The Schlenke Lab
University of Arizona

home  |  research  |  people  |  publications  |  resources  |  teaching  |  press  |  photos



Insects and Culture
This general education course is designed to establish an appreciation for the roles that insects have played in the
development of human societies.  Because insects account for more than half of all described species on earth,
they are constantly creeping, crawling, and flying into human culture, influencing history and economic stability. This
course explores the diverse ways that the lives of insects and humans intertwine, shaping all aspects of our humanity.
Topics covered include:

  • Insect diversity
  • A history of insects as food producers (e.g. the development of agriculture)
  • Fibers and dyes made from insects (e.g. the silk road)
  • Disease vectors (e.g. in European colonization of the Americas)
  • Sources of inspiration (e.g. in art, music, movies)
  • Tools for science (e.g. for understanding human disease)
  • Pests (e.g. competition for food and land)

Comparative Immunology
This course is focused on the comparative immunology of prokaryotes, protozoans, plants, fungi, invertebrates, and
“lower” vertebrates. The class is aimed at teaching students to see evolutionary patterns that help explain how our
own immune system developed from those of our ancestors. Such comparative study highlights the strengths and
weaknesses of our immune system, and points to ways in which other organisms have overcome the same pathogenic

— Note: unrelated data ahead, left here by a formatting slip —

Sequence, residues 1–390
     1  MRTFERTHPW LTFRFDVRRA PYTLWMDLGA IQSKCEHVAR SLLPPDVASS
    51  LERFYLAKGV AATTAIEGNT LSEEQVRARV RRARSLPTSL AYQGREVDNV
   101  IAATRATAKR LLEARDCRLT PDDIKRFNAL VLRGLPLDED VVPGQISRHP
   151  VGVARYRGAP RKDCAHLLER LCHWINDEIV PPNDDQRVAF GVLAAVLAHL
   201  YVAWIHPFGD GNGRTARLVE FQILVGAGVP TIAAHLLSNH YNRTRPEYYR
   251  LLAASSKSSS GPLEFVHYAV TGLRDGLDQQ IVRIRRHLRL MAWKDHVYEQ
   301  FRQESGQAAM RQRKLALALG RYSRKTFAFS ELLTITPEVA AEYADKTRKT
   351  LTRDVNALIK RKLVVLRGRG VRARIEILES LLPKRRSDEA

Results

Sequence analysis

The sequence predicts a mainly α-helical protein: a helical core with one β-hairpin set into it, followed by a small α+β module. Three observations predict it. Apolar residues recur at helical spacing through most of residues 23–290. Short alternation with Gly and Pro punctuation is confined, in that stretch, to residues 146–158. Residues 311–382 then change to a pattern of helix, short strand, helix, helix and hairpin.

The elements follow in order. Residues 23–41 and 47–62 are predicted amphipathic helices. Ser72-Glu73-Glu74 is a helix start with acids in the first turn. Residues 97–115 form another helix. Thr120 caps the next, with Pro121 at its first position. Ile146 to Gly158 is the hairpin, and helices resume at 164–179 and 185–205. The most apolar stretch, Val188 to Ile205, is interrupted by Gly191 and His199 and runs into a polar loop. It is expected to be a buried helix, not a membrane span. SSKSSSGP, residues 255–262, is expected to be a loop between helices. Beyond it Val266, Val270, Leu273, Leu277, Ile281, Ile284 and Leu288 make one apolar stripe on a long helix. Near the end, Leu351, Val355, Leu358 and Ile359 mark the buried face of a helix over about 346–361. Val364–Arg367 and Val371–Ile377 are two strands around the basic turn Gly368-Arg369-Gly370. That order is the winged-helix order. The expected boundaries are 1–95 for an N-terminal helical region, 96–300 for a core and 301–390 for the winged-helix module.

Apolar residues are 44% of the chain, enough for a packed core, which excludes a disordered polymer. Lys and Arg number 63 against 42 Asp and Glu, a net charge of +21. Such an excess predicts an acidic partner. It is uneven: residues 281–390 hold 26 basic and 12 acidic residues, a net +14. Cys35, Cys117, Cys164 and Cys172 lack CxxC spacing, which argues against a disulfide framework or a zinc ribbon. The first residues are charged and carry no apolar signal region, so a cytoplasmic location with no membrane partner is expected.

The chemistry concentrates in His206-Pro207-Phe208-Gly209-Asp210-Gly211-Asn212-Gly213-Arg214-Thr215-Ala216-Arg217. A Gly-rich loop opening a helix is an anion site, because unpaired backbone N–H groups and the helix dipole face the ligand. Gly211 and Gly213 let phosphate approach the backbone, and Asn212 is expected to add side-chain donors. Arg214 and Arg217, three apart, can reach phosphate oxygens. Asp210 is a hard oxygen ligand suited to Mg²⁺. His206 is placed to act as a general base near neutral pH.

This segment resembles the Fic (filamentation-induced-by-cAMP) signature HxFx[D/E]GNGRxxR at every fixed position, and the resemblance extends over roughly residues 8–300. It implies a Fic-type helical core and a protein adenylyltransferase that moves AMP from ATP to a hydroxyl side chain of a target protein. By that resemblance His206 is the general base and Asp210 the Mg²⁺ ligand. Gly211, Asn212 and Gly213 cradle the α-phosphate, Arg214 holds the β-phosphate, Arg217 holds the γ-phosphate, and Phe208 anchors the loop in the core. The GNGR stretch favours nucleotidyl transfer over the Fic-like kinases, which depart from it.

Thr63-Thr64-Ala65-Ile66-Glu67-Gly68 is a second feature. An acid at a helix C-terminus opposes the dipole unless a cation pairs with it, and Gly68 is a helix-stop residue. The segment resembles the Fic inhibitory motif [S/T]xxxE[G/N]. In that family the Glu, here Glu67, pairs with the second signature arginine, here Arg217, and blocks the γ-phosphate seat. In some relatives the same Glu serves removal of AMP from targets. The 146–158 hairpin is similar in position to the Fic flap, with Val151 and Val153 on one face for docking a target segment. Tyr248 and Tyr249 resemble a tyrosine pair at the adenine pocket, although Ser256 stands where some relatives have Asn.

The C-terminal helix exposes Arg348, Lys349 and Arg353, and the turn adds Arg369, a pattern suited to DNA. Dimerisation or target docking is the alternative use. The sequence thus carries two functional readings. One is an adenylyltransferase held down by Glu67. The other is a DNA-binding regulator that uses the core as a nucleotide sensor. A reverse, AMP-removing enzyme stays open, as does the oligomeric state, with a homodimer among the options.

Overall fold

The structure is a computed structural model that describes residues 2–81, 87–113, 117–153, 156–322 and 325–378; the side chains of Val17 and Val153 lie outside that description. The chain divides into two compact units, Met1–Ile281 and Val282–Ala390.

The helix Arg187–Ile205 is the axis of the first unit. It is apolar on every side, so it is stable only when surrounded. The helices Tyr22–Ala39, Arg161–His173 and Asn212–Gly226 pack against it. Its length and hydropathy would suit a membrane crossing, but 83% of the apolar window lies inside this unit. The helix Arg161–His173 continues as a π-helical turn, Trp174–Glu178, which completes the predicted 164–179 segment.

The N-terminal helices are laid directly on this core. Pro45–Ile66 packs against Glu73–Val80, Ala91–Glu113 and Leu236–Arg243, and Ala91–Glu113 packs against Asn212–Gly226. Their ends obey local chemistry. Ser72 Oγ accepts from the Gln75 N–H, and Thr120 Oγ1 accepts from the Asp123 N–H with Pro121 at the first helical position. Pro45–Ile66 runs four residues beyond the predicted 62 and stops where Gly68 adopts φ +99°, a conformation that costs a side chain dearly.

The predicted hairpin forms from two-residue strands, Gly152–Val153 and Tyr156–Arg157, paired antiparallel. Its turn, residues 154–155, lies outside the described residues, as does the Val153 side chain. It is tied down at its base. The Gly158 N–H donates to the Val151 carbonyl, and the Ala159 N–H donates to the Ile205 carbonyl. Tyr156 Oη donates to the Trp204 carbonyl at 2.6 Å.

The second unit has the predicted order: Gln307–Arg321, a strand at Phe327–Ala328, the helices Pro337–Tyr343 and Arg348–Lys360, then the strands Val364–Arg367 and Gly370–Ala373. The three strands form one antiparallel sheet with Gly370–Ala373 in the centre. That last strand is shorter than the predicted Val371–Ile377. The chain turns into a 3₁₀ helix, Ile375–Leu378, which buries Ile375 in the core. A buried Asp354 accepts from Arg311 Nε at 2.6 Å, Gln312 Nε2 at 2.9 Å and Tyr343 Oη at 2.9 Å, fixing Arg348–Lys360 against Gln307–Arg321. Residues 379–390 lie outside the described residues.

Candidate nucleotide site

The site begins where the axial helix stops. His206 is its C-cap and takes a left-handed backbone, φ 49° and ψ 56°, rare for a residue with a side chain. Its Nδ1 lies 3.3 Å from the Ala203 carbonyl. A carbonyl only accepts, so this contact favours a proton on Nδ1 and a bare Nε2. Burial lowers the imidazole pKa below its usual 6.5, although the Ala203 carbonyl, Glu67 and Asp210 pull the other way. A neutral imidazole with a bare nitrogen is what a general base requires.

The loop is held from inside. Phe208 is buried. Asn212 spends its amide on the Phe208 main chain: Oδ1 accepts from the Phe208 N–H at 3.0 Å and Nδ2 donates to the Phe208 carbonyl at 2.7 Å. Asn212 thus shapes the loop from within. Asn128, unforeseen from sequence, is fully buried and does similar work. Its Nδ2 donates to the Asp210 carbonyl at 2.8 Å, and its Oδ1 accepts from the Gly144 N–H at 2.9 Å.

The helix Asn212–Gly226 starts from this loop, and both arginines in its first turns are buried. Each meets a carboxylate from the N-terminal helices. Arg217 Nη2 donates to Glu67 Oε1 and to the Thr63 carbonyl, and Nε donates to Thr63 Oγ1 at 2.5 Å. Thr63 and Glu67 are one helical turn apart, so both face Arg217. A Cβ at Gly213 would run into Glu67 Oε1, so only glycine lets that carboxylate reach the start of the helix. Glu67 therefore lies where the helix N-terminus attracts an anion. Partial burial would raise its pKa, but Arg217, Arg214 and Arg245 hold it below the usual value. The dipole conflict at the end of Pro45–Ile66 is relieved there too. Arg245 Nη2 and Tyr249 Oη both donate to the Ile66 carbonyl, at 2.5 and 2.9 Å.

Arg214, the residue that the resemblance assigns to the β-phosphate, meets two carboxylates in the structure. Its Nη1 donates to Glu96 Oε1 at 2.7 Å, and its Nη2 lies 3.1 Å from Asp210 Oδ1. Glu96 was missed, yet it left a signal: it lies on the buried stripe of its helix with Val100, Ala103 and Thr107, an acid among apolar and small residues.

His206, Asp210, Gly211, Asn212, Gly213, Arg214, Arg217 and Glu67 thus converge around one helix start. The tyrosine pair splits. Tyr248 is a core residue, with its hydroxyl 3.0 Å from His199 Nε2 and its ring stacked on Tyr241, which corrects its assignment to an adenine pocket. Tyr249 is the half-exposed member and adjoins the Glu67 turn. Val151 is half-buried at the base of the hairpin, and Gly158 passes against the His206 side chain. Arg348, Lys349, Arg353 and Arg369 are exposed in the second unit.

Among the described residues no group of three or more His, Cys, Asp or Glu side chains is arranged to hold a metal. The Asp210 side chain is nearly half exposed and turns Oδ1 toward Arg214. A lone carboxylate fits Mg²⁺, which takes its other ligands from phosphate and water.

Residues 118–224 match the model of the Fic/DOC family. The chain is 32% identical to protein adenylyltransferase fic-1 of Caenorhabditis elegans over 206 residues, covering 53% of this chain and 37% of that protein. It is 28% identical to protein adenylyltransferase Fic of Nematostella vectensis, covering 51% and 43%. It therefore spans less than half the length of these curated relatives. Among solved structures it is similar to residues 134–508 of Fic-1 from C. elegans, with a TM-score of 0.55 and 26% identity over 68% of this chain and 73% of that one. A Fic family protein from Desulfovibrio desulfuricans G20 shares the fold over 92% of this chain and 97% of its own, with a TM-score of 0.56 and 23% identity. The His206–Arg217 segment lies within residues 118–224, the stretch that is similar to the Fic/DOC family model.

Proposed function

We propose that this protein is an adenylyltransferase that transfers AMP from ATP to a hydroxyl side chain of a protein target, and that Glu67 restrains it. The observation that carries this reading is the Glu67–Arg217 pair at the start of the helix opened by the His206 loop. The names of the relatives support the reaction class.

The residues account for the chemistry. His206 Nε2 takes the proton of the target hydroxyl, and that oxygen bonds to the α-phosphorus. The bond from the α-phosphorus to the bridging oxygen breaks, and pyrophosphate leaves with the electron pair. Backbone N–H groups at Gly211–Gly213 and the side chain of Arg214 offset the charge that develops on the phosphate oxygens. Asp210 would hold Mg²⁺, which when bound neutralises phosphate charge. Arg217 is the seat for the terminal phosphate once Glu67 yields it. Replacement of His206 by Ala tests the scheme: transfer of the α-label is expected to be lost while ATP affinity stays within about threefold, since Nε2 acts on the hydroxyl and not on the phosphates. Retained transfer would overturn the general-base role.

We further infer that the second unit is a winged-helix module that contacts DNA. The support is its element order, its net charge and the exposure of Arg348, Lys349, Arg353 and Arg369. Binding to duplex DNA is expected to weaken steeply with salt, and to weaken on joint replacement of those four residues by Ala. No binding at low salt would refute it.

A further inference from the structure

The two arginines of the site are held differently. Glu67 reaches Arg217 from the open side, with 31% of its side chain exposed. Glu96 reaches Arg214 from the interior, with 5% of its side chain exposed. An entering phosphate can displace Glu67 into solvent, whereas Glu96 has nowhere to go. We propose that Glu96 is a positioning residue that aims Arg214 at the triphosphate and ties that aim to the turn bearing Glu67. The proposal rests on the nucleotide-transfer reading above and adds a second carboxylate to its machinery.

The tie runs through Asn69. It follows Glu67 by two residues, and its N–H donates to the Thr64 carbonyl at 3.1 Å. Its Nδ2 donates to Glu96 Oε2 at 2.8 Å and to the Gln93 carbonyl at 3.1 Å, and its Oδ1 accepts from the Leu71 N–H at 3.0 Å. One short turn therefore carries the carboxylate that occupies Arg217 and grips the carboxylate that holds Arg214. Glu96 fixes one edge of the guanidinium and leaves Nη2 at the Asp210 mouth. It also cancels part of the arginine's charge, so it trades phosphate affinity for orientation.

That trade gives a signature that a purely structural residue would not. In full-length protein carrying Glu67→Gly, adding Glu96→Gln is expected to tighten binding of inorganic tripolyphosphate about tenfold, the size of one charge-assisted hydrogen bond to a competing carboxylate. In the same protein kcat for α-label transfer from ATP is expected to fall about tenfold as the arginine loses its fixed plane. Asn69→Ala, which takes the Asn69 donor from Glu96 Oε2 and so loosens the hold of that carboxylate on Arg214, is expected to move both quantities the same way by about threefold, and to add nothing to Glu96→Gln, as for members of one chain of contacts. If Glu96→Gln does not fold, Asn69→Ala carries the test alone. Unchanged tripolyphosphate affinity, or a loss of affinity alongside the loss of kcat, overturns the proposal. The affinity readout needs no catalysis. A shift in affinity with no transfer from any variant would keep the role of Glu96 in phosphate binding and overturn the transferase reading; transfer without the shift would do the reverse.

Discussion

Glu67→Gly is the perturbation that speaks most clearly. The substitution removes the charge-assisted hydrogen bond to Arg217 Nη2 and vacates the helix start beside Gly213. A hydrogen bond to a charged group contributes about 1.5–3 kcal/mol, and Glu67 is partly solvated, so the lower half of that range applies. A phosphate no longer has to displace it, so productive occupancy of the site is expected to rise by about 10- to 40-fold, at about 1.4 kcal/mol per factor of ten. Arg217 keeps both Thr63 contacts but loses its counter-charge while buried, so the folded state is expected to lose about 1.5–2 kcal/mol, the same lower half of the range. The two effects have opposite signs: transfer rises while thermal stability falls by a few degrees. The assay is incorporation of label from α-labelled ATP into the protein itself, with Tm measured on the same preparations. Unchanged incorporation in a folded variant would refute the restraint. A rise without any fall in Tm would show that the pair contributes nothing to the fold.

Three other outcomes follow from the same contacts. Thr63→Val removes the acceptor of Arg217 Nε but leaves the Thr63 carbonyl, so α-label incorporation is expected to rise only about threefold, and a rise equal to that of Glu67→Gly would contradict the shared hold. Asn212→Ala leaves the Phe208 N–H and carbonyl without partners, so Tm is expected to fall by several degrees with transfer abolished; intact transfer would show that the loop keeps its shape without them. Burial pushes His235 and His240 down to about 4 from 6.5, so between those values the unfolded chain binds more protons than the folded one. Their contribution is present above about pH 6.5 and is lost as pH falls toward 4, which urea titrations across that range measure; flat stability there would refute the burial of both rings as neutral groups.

stresses we currently face. Topics covered include:

  • Restriction-modification systems
  • RNA interference
  • Antimicrobial proteins
  • Reactive oxygen species
  • Cell death
  • The hypersensitive response of plants
  • Systemic acquired resistance in plants
  • Proteolytic cascade systems
  • Phagocytosis
  • Humoral immunity in invertebrates
  • Cellular immunity in invertebrates
  • Immune specificity
  • Immune memory
  • Acquired immunity of vertebrates
  • Pathogen infection strategies
  • Adaptive evolution of immune systems

Behavioral Genetics
This course is focused on the ecological and evolutionary forces that maintain behaviors as well as the neurological
and genetic mechanisms that underlie them.
The lectures are based on case studies of human behaviors using
recent primary literature, while the labs take advantage of the fruit fly model system.  Each student will contribute to
a class association mapping study in flies, and will also undertake their own candidate gene functional studies for a
fly behavior of their choice. Topics covered include:

  • Pair bonding
  • Mate choice
  • Sexuality
  • Aggression
  • Depression
  • Addiction
  • Obesity
  • Sleep
  • Learning and memory
  • Intelligence

Evolutionary Biology
This course covers the history and current status of major research areas in evolutionary biology including mechanisms
of evolutionary change, adaptation, speciation, and the history of life. The lectures rely heavily on recent articles from the
primary literature, while the lab focuses on practical applications of evolutionary biology and outdoor exploration of the